In the last 10 years, an estimated 47 million ha of forest have been affected by bark beetle driven tree mortality in the western U.S. and Canada. It has long been thought that a mutualism between bark beetles and their closely associated fungi is the key reason these insects are so successful. Both beetles and their fungi require tree death for success; however, despite considerable study, controversy remains about the importance of each individual agent in causing tree mortality and whether the association is a true mutualism. Clearly fungi benefit from the association by gaining transport to a new host but the benefit to the beetle is less clear. The fungi are variously thought to benefit the beetles by assisting in depleting tree defense, disrupting water conduction in the tree, and/or providing nutrient supplementation to the beetles themselves. Due to the almost ubiquitous presence of fungi with the beetles it has been virtually impossible to truly separate the action of the two agents. This project will investigate the impact of fungicide on tree physiology and the potential effectiveness of fungicide at reducing the growth of bark beetle-associated fungi at the whole tree level. In addition, this project will examine the impact of fungicide on bark beetle activity/success. If fungicide proves to be effective at stopping or slowing fungal growth, with minimal impacts on tree function and beetle activity, bark beetle researchers will be able to investigate the respective role of each agent in tree mortality and ultimately the impact of fungi on beetle success. This will have broad implications for informing our understanding of the nature of bark beetle/fungus relationships. This project also has potential impacts for mitigating future tree mortality from bark beetles.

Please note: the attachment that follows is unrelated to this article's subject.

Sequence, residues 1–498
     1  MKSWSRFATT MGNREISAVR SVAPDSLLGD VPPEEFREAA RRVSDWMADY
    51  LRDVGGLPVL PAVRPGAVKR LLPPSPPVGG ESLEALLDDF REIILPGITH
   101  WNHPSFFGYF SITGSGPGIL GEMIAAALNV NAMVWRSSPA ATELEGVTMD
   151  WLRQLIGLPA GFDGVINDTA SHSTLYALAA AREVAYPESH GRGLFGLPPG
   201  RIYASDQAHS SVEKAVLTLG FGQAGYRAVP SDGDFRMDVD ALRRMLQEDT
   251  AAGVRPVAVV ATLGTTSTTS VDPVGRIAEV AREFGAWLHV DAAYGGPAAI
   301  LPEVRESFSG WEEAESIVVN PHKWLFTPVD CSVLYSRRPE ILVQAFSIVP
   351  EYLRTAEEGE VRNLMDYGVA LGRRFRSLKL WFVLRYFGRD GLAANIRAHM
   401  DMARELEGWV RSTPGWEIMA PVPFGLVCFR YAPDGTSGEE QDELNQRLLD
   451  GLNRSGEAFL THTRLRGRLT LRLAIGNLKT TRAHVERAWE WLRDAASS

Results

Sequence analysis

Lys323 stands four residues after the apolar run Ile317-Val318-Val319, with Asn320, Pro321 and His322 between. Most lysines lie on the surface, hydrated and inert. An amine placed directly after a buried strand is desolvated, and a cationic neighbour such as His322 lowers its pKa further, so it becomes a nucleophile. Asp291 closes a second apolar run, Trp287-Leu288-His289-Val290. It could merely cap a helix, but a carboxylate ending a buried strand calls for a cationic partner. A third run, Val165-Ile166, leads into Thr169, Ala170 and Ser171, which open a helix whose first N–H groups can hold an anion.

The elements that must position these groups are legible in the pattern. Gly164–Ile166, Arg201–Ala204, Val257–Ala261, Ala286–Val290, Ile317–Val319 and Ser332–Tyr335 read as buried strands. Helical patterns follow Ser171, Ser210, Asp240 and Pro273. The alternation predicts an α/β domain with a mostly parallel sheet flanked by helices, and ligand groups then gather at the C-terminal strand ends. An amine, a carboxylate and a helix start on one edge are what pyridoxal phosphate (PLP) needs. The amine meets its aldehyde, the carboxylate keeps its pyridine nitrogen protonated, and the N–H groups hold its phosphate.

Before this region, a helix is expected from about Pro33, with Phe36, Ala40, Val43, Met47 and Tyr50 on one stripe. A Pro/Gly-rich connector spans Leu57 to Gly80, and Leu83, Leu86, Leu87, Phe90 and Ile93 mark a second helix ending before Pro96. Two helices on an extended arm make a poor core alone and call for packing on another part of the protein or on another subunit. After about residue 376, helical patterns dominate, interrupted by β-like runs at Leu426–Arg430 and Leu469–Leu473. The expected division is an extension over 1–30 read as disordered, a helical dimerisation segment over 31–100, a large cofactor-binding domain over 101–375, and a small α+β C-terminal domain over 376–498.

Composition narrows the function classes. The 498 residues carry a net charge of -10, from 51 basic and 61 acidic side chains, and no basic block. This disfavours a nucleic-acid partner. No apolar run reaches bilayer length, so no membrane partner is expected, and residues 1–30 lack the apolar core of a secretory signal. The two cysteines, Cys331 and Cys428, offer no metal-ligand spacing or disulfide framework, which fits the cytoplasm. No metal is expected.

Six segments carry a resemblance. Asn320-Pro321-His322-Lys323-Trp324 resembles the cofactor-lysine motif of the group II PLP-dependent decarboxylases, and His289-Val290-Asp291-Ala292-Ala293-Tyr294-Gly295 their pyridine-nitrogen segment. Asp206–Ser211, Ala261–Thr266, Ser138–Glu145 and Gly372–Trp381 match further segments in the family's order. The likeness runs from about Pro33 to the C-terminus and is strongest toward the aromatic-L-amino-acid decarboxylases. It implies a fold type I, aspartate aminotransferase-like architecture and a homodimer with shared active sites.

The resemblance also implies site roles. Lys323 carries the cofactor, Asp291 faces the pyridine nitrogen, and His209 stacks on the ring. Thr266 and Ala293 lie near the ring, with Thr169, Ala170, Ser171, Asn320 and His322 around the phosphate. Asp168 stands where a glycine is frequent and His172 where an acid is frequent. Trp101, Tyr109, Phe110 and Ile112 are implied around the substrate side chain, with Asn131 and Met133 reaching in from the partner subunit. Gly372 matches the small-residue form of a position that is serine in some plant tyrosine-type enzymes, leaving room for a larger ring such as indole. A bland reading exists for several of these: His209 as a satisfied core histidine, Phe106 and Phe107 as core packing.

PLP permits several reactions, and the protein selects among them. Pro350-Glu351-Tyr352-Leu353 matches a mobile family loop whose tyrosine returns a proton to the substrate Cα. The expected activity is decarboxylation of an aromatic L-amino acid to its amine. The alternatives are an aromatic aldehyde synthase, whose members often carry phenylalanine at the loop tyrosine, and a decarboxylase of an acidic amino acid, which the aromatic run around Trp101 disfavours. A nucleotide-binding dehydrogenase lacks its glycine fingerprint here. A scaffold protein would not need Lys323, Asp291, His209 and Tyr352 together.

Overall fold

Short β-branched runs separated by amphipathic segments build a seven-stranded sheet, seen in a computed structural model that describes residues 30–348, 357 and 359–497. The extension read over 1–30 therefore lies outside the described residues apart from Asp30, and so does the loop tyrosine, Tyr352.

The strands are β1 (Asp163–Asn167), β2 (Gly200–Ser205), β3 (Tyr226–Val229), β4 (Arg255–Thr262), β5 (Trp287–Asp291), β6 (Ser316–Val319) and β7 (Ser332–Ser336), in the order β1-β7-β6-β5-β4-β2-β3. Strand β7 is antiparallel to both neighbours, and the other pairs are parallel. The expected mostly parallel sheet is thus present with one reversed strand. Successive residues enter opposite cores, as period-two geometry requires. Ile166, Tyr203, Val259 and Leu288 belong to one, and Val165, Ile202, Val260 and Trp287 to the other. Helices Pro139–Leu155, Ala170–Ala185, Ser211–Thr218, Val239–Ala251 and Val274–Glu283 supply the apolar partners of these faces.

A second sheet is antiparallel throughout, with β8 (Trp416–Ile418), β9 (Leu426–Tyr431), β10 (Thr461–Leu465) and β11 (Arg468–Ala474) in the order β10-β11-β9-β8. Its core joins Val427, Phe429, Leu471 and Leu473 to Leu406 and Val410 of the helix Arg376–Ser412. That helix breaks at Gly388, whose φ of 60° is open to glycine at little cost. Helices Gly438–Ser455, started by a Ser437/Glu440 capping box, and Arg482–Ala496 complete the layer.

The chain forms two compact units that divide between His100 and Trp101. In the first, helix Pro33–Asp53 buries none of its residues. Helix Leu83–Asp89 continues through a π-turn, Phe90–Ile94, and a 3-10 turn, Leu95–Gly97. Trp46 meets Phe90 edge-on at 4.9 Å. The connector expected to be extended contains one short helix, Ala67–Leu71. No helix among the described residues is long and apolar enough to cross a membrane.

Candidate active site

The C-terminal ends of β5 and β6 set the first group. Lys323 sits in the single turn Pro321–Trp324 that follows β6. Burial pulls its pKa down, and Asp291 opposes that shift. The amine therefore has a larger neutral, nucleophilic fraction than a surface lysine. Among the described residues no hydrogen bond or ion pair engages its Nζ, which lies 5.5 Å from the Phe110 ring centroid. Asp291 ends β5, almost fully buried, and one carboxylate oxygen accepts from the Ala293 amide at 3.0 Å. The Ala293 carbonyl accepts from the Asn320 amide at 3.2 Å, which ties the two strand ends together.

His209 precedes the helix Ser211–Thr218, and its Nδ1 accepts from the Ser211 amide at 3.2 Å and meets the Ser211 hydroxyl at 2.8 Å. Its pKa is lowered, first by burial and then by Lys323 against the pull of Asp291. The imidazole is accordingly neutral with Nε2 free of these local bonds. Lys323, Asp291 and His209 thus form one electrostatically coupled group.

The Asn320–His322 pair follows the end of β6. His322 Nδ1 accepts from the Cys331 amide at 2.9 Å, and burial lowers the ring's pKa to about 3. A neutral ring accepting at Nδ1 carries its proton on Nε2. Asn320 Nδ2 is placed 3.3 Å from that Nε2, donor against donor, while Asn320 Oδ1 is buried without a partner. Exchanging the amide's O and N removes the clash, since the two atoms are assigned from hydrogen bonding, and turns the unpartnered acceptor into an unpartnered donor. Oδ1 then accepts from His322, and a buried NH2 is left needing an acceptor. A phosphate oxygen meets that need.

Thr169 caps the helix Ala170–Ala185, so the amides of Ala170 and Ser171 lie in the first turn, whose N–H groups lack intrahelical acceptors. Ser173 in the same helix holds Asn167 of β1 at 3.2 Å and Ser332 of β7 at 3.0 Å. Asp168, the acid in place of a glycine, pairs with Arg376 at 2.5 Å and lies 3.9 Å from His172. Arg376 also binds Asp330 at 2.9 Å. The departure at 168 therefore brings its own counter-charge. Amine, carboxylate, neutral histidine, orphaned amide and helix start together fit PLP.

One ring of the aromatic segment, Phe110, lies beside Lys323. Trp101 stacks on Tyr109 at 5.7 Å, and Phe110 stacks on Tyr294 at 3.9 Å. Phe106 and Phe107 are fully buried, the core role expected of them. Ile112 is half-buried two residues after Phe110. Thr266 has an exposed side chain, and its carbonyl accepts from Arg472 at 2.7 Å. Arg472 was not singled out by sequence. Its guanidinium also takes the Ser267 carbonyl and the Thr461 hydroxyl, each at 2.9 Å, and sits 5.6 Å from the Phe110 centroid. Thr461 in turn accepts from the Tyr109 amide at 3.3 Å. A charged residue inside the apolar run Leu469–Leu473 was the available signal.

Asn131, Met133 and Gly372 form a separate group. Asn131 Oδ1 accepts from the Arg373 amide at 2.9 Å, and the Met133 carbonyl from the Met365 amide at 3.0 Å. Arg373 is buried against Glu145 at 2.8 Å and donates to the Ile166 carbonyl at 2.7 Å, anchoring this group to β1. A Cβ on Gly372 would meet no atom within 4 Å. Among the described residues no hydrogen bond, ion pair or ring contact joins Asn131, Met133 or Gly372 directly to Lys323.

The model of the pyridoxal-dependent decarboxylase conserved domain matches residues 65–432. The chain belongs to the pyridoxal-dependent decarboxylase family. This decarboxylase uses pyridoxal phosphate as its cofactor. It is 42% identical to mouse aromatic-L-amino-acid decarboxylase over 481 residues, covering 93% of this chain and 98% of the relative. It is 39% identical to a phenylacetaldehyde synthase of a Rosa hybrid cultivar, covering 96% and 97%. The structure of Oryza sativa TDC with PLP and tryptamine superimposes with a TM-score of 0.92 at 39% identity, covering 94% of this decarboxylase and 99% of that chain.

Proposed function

Project Report